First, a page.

better, that’s for sure. It’s a pride thing,” said Sgt. Israel
Sanchez, 27, also from Los Angeles.
Attack Of War Closes The System Down:
Stop North Oil Flow
following an explosion along a pipeline close to Kirkuk.
November 2 By
Khaled Yacoub Oweis, BAGHDAD (Reuters)
mounted the most massive attacks yet on Iraq's oil system,
blowing up three oil pipelines in the north and halting exports to
Turkey. The attacks, which were hours apart, sharply reduced crude
oil supplies to Iraq's biggest refinery at Baiji.
oil facilities in north and central Iraq has intensified in the past
few weeks as U.S. forces attacked Sunni Muslim cities where
insurgents have support. Imports of refined products have been also
The first pipeline
attack on Monday night destroyed a section of the Iraq-Turkey export
pipeline in the Riyadh area, 65 kilometres
southwest of the oil centre of Kirkuk, officials at the state North
Oil Company said.
It was followed by
two further attacks, including one in the Qoshqaya region northwest
of the city on a pipeline connected to the Bai Hassam oilfield
and feeding the main export
pipeline, officials said.
Reuters Television footage showed big
fires in the pipelines with no
fire crews to be seen.
"We cut off all
flows for now. The Qoshqaya fire is covering around one square
kilometre. The export pipeline fire is also big," one official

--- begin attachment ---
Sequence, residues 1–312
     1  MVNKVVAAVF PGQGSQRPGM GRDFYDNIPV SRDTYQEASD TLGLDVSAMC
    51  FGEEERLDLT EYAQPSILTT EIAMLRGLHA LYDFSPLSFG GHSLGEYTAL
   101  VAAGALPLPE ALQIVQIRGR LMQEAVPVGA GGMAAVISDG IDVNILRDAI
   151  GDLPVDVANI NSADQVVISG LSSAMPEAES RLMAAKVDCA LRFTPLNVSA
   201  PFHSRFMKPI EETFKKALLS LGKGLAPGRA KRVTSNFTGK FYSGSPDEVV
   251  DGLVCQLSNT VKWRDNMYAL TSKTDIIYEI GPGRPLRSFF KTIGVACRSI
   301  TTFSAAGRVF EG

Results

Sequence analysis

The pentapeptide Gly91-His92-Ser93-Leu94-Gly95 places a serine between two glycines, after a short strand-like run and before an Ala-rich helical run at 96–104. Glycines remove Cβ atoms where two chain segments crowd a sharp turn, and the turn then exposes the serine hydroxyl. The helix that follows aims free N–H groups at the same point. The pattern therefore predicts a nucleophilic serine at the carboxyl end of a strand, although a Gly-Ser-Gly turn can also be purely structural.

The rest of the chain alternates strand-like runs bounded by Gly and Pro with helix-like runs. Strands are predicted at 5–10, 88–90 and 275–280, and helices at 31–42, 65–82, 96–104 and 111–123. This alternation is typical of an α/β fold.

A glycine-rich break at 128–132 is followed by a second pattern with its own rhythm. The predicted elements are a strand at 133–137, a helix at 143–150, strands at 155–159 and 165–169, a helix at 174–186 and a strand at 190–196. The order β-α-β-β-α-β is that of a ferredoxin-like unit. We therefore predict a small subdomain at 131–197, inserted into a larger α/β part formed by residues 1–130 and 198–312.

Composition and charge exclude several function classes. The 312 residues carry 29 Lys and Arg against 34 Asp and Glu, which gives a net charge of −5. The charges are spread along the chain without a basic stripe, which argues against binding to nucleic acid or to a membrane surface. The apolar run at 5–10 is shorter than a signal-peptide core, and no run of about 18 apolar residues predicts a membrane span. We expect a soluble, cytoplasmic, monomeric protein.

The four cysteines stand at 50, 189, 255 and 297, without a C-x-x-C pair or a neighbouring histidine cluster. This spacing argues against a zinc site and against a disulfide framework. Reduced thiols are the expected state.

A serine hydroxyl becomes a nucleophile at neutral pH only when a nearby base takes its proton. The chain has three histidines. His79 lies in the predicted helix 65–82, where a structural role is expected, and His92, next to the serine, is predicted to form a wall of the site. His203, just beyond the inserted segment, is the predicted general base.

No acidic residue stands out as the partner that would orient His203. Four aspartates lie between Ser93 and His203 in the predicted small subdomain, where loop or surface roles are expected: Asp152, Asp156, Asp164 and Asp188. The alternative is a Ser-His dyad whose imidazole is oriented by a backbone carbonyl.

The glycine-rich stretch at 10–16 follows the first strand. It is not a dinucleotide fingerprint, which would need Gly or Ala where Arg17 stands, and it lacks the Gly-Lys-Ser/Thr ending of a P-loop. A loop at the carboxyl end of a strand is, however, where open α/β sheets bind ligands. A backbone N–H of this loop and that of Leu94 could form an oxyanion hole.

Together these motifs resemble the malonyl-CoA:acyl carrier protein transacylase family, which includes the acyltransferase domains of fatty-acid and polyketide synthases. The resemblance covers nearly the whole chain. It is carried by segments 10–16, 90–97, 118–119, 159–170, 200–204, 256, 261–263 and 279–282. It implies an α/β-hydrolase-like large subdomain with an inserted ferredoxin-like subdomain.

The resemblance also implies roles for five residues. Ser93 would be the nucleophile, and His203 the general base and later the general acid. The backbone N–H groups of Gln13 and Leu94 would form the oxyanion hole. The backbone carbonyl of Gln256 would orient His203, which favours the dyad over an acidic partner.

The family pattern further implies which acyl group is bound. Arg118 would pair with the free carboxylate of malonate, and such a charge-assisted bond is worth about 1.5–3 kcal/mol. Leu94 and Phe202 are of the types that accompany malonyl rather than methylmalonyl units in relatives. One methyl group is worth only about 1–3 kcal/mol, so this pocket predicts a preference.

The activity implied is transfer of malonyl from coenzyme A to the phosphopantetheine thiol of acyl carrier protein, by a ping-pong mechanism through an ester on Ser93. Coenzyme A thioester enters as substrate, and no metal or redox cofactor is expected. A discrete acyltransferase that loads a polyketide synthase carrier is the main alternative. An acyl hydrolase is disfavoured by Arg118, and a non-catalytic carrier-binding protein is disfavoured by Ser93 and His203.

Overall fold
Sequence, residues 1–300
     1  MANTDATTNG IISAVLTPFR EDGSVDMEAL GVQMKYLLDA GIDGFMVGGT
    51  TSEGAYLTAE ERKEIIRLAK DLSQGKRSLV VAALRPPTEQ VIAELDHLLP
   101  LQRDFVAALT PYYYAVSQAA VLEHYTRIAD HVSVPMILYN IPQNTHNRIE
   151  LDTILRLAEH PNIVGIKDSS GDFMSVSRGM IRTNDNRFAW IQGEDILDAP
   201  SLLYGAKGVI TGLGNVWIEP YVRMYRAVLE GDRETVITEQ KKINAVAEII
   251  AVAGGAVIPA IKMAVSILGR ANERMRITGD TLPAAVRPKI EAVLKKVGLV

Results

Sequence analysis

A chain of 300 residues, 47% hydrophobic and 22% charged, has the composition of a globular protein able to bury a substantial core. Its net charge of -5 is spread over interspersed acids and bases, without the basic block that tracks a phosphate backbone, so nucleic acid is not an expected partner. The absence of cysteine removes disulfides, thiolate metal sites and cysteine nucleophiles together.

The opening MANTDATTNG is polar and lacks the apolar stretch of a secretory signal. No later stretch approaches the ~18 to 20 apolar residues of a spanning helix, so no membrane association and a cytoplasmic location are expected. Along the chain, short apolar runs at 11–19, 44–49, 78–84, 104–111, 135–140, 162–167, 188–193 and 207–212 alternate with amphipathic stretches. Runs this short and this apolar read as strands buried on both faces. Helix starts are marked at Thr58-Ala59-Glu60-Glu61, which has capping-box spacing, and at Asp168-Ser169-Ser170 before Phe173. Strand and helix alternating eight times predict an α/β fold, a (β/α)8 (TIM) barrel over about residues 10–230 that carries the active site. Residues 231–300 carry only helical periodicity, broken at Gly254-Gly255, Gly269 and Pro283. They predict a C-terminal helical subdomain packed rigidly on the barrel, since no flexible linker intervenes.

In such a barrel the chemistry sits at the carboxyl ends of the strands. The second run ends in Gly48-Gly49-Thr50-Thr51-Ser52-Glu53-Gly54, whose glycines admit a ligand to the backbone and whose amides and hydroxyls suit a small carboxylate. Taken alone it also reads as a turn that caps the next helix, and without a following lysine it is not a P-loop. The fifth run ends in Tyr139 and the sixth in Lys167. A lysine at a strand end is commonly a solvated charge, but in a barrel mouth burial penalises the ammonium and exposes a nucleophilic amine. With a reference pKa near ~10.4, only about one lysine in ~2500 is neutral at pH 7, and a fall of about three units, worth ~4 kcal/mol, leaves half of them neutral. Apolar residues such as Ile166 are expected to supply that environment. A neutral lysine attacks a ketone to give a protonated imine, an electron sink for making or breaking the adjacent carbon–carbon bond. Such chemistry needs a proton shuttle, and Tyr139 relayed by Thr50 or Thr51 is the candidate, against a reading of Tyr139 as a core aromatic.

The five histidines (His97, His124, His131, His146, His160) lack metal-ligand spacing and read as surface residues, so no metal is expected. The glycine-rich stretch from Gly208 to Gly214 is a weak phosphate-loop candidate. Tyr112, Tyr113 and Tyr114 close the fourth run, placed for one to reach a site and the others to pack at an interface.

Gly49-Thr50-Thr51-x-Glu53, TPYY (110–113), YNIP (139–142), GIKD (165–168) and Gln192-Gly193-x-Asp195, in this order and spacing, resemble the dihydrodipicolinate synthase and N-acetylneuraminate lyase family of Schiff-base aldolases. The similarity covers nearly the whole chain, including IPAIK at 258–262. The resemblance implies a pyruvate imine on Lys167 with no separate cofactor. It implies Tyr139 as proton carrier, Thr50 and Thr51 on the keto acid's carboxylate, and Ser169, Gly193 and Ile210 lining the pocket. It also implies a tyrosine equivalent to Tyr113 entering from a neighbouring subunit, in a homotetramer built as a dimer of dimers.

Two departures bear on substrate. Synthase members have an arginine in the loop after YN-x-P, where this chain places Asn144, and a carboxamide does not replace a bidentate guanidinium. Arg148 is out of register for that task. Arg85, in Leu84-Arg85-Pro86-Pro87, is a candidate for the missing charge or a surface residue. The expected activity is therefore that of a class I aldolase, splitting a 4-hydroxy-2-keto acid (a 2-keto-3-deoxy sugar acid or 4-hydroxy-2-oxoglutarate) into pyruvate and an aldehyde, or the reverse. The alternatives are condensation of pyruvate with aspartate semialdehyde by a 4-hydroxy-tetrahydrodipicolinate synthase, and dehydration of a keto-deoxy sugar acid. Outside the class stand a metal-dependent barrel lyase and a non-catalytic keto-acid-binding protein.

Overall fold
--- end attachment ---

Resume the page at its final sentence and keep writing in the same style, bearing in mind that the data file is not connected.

system was shut down."
The Iraq-Turkey pipeline carried
300,000 barrels per day (bpd) before the attacks compared to 800,000
bpd before last year's Iraq war.
Roadside Bomb Hits
02nov04 From correspondents in
ROADSIDE bomb exploded near an Iraqi
National Guard patrol in Baghdad, the Interior Ministry said.
The attack on the outskirts of the
capital near Abu Ghraib wounded two National Guardsmen, spokesman
Colonel Adnan Abdul-Rahman of the Interior Ministry said.
November 2, 2004 (CNN)
for a pro-government Shiite group -- abducted over the weekend --
have been killed, the government said.
The Interior Ministry Tuesday
identified two representatives of the Supreme Council for Islamic
Revolution in Iraq abducted Sunday and killed Monday.
They are Ahmed Juan and Kadhim Radhi
Col. Adnan Abdul Rahman, the Interior
Ministry spokesman, told CNN that the two SCIRI representatives had
been working in the Al-Alam district of the capital.
SCIRI -- which is a
Shiite political movement -- is a supporter of the interim
Bomb Strikes Government Building